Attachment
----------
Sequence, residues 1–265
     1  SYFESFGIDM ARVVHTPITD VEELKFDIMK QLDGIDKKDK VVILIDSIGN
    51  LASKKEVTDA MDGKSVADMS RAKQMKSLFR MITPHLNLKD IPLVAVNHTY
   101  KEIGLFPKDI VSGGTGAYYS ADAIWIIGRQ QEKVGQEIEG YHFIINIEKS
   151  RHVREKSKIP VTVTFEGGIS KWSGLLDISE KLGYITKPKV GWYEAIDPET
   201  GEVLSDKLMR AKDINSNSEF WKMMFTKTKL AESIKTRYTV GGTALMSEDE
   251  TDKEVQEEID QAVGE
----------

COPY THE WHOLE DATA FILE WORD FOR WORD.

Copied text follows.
Sequence, residues 1–265
     1  SYFESFGIDM ARVVHTPITD VEELKFDIMK QLDGIDKKDK VVILIDSIGN
    51  LASKKEVTDA MDGKSVADMS RAKQMKSLFR MITPHLNLKD IPLVAVNHTY
   101  KEIGLFPKDI VSGGTGAYYS ADAIWIIGRQ QEKVGQEIEG YHFIINIEKS
   151  RHVREKSKIP VTVTFEGGIS KWSGLLDISE KLGYITKPKV GWYEAIDPET
   201  GEVLSDKLMR AKDINSNSEF WKMMFTKTKL AESIKTRYTV GGTALMSEDE
   251  TDKEVQEEID QAVGE